Tyrosine kinase inhibitors are a type of targeted cancer medicine that can attack specific types of cancer cells and prevent them from multiplying. Although these inhibitors, called TKIs, can be very useful in fighting certain cancers, they also cause serious inflammatory side effects that limit their use. A Japanese research team has discovered the underlying mechanism that causes this inflammation.
"This study revealed the underlying mechanism by which the TKIs cause inflammation, and therefore provides the molecular basis that is essential to overcome the inflammatory-based side effects," said Atsushi Matsuzawa, a professor at the Laboratory of Health Chemistry, Graduate School of Pharmaceutical Sciences, Tohoku University.
The team's findings were published in The Journal of Immunology on February 6, 2023.
These TKIs are essential anticancer drugs. However, the use of TKIs frequently initiates inflammation in the body, such as the lung disease interstitial pneumonitis. From their earlier studies, the team had learned that a representative TKI called Gefitinib (GF) causes lung inflammation. GF is a helpful cancer medication used in treating certain breast, lung, and other cancers. It works by targeting the epidermal growth factor receptors. When the GF is used to treat the cancer, it can also cause inflammation in the patient's lungs, through the NLRP3 inflammasome. The NLRP3 inflammasome is part of the body's immune system and plays an important role in innate immunity. But when the NLRP3 inflammasome is improperly activated, it can contribute to the development of a wide range of inflammatory diseases.
Until now, scientists have not fully understood why the NLRP3 inflammasome is activated, but the evidence seems to point to mitochondrial dysfunction. When mitochondria are healthy, they work like batteries, producing energy in the body's cells. Mitochondrial dysfunction happens when the mitochondria do not work as they should because of disease. In their earlier study, the team learned that the GF activated the NLRP3 inflammasome through mitochondrial damage that led to the interstitial pneumonitis in patients. However, they had not understood how GF initiates the mitochondrial damage and whether or not other TKIs also shared this mechanism.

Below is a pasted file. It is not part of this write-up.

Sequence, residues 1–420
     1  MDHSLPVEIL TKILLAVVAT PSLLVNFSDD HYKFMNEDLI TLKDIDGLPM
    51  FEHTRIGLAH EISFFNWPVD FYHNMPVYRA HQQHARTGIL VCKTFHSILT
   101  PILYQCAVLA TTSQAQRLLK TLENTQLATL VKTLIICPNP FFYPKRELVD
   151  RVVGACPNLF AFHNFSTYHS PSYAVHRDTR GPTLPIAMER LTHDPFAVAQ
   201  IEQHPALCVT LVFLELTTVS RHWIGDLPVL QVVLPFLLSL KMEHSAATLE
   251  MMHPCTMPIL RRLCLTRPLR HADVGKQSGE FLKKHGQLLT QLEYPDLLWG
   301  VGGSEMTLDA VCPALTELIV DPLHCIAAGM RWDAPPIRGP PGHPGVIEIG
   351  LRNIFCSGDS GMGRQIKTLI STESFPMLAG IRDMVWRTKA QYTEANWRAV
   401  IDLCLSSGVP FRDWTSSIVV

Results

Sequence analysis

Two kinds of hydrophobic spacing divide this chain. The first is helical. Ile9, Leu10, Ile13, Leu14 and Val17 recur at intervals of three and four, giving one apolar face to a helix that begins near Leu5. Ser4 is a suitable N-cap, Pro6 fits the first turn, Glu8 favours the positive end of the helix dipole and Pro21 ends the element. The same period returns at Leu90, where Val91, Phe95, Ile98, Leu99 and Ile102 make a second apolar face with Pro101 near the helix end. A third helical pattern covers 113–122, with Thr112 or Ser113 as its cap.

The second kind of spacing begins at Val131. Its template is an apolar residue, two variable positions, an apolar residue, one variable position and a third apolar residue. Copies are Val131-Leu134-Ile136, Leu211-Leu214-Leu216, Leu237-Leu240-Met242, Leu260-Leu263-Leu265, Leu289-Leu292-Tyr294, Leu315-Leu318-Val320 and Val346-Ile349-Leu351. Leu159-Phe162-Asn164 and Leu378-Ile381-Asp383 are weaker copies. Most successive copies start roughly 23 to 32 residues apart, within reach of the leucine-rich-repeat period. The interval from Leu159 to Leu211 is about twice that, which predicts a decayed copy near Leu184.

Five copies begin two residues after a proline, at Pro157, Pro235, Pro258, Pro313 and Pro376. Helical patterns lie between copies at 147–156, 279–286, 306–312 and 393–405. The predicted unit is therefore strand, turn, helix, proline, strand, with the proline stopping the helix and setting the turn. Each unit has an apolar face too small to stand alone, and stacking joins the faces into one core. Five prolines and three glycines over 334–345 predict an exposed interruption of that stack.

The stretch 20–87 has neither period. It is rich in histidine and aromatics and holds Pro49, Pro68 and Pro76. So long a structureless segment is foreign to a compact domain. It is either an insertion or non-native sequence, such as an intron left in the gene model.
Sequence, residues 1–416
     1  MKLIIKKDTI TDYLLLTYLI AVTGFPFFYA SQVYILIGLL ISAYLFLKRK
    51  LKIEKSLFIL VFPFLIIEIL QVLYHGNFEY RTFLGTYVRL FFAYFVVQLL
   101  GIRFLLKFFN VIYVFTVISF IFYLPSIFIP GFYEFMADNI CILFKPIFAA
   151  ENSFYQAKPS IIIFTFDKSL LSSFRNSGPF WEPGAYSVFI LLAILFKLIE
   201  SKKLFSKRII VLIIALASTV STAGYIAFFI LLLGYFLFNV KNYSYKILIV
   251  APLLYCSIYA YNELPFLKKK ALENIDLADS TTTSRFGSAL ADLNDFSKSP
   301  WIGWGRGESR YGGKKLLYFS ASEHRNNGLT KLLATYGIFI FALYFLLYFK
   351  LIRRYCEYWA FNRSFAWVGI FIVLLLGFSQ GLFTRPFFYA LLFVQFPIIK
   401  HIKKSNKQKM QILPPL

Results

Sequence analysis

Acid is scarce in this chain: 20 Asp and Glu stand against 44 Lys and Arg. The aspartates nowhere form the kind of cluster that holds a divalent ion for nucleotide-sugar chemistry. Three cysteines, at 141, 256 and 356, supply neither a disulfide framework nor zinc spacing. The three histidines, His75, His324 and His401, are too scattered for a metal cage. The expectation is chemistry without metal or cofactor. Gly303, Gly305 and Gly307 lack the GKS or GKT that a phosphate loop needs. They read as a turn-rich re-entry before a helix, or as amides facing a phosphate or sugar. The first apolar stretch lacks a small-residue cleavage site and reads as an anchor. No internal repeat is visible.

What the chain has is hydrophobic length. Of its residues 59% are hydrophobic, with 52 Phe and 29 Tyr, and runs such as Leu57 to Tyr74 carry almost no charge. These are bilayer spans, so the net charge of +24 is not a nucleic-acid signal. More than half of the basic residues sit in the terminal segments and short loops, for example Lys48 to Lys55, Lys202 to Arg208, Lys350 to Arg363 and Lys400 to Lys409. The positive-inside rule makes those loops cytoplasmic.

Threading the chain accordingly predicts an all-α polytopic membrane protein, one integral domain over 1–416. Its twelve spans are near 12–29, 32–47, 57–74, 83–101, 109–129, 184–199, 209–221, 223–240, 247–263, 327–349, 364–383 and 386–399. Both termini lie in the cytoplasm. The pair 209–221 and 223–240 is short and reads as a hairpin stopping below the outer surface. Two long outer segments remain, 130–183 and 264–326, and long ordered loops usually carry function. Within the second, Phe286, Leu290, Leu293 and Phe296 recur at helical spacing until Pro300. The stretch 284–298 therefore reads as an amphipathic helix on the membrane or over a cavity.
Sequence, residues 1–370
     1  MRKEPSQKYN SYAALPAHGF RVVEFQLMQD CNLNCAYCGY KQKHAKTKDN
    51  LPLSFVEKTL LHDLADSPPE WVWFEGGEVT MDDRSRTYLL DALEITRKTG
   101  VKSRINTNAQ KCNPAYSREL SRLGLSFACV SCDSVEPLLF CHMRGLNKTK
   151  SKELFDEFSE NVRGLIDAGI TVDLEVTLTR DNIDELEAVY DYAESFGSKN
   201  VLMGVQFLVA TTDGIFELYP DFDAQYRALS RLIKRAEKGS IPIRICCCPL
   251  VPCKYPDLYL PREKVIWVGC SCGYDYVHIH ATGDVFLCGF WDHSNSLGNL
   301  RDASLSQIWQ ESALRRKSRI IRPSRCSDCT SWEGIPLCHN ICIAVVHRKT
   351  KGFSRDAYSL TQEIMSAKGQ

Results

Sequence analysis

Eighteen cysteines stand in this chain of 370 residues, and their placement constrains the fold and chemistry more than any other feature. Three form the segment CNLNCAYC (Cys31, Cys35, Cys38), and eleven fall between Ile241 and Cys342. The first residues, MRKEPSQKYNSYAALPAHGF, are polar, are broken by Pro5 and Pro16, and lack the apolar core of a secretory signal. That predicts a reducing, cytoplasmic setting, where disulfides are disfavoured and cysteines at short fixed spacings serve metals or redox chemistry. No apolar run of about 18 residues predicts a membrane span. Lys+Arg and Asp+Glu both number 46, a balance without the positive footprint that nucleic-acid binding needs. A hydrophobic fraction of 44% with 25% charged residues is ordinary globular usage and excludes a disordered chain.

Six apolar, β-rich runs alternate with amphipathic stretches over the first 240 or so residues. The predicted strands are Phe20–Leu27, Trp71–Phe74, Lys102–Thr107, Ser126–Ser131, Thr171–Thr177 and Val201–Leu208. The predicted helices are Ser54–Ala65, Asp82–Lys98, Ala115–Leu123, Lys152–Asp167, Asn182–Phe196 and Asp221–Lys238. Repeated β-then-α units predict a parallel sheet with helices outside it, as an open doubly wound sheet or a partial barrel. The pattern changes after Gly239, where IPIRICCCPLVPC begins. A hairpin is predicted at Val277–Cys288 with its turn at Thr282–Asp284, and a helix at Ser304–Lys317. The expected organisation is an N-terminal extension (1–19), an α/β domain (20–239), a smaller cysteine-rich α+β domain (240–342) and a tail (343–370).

To conduct their study, the team looked at the tyrosine kinases, those enzymes that work as a kind of "on" and "off" switch in many of the cells' functions. They specifically studied the Src family kinases, called SFKs. The SFKs are nonreceptor tyrosine kinases that regulate many cell processes. There are 11 types of SFKs in the human genome. Some of these SFKs are in the mitochondria and they play an essential role in the function of the mitochondria. The team found that all the TKIs they tested inhibit the kinase activity of the SKFs in the mitochondria which is responsible for the NLRP3 inflammasome.
The team's comprehensive analysis of the TKIs they tested revealed that these TKIs act as powerful agonists. In addition, the team observed off-target activity that could contribute to the side effects. "As an important finding, all TKIs we tested share a common off-target activity against the mitochondrial SFKs. Therefore, blocking the access of TKIs to mitochondria is a good way to prevent the inflammation," said Matsuzawa. They also noted that the other TKIs that do not affect the activity of the mitochondrial SFKs may overcome the inflammatory-based side effects. As another approach, when effective inhibitors of the NLRP3 inflammasome are developed, administering the TKIs at the same time as the NLRP3 inhibitors can counteract the side effects. The team's results provide insight into both the biological and the clinical significance of the NLRP3 inflammasome and the SFKs.
Looking ahead, the team's next step is to propose a new approach to avoid the inflammatory-based side effects of TKIs. They hope to lead in the development of new TKIs that do not initiate inflammation.
The research team includes Yuto Sekiguchi, Saya Takano, Takuya Noguchi, Tomohiro Kagi, Ryuto Komatsu, Maoko Tan, Yusuke Hirata, and Atsushi Matsuzawa from the Laboratory of Health Chemistry, Graduate School of Pharmaceutical Sciences, Tohoku University, Japan.